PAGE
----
Better late than a disaster.

Slow down. Email overload is the reality we live with, but so are its consequences. When you do not read things properly and when you send emails in haste, you take risks. When you are so eager to check things off your list, to move to the next item or to be a hero fast, you take risks. At stake are your reputation and the success of the project.

If my 15-plus years in marketing have taught me anything, it’s to limit your emails. It is better to deliver a cogent, considered response a little later than to fire off an email in a hurry. Not only are you likely to avert potential disasters, but you also enhance your professional reputation as the kind of person who adds value to interactions.

Learn from failures.

There’s an old saying in betting, “throwing good money after bad.” In gambling terms, it means people start placing bigger, riskier bets than they normally would to try to make up the deficit of a previous loss. It applies more broadly too. When you don’t learn from your mistakes, you continue to apply skewed judgment to new situations.

Of course, there are situations where a crash-and-burn is not entirely of your own making. Sometimes there are ongoing issues that are out of your control. Perhaps the scope of the task is stacked against you. My advice would be to seek advice early. Talk to managers or mentors about how to resolve the issue, preferably before it becomes a full-blown disaster. It shows a mature appreciation of the potential risks, which serves to enhance, not deplete, your professional capital.

Recognize where you will thrive.

It has become so commonplace for companies to call themselves “innovative.” How organizations actually deal with disruption or the prospect of failure is a better indicator of how innovative they are. However, there are people who usually know before the rest of us do if a company fosters a truly innovative culture … and that is the employees themselves.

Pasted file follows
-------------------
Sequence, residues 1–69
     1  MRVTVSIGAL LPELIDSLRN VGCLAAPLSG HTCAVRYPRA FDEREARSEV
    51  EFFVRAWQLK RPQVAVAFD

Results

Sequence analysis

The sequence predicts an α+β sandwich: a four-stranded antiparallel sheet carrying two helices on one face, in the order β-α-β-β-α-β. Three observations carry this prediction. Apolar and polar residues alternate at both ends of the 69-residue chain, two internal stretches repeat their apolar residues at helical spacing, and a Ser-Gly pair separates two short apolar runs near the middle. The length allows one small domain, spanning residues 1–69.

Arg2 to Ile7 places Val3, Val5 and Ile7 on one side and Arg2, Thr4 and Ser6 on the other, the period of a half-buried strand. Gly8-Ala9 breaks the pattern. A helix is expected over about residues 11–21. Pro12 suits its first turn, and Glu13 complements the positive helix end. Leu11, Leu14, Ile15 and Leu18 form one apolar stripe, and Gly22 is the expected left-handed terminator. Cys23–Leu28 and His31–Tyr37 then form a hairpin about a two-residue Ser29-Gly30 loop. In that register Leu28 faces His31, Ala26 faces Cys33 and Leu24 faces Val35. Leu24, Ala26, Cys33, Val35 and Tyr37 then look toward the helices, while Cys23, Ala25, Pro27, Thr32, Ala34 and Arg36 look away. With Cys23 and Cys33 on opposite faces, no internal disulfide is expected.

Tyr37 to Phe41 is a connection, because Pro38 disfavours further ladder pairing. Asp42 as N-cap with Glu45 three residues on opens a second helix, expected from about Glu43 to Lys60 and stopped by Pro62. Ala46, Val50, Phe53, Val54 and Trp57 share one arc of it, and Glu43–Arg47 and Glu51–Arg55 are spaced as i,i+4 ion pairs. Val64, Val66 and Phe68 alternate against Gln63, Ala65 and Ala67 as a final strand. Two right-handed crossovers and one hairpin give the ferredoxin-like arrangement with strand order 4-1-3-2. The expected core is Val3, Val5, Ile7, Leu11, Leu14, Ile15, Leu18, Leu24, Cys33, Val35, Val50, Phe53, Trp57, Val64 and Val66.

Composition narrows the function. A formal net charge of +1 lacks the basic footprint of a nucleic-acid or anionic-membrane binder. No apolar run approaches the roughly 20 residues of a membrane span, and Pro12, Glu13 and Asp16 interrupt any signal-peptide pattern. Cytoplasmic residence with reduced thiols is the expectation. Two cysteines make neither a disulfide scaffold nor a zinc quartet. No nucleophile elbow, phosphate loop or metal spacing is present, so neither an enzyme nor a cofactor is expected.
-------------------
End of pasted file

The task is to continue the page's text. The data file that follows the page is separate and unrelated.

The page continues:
Failure? A big crash-and-burn? You made a mistake? If you ask me, these are par for the course. There is a caveat, however. If a pattern emerges where the same mistakes are made over and over again, that is when I worry about that individual. The real failure is not the mistake, but when a person fails to learn.

Leila Modarres

Leila Modarres is responsible for Infostretch’s global brand, go-to-market and communications. She has more than 15 years in strategic marketing roles and a stellar track record establishing brands in high-growth markets. Most recently, she headed marketing at Cumulus Networks, where she helped launch the company and define its position in the emerging software-defined networking market. Previously, Leila was VP Marketing at DeviceAnywhere, a pioneer in mobile application development and testing. There she helped establish DeviceAnywhere’s category leadership and subsequent acquisition by Keynote Systems. Additionally, Leila held key roles at emerging technology companies Virtual Iron (acquired by Oracle) and PanGo Networks (acquired by InnerWireless). Early in her career, she was at Porter-Novelli (Omnicom) providing PR services for EMC and Nuance; and at Harvard Business Review. She holds a BA in Communications from the University of Massachusetts, Amherst.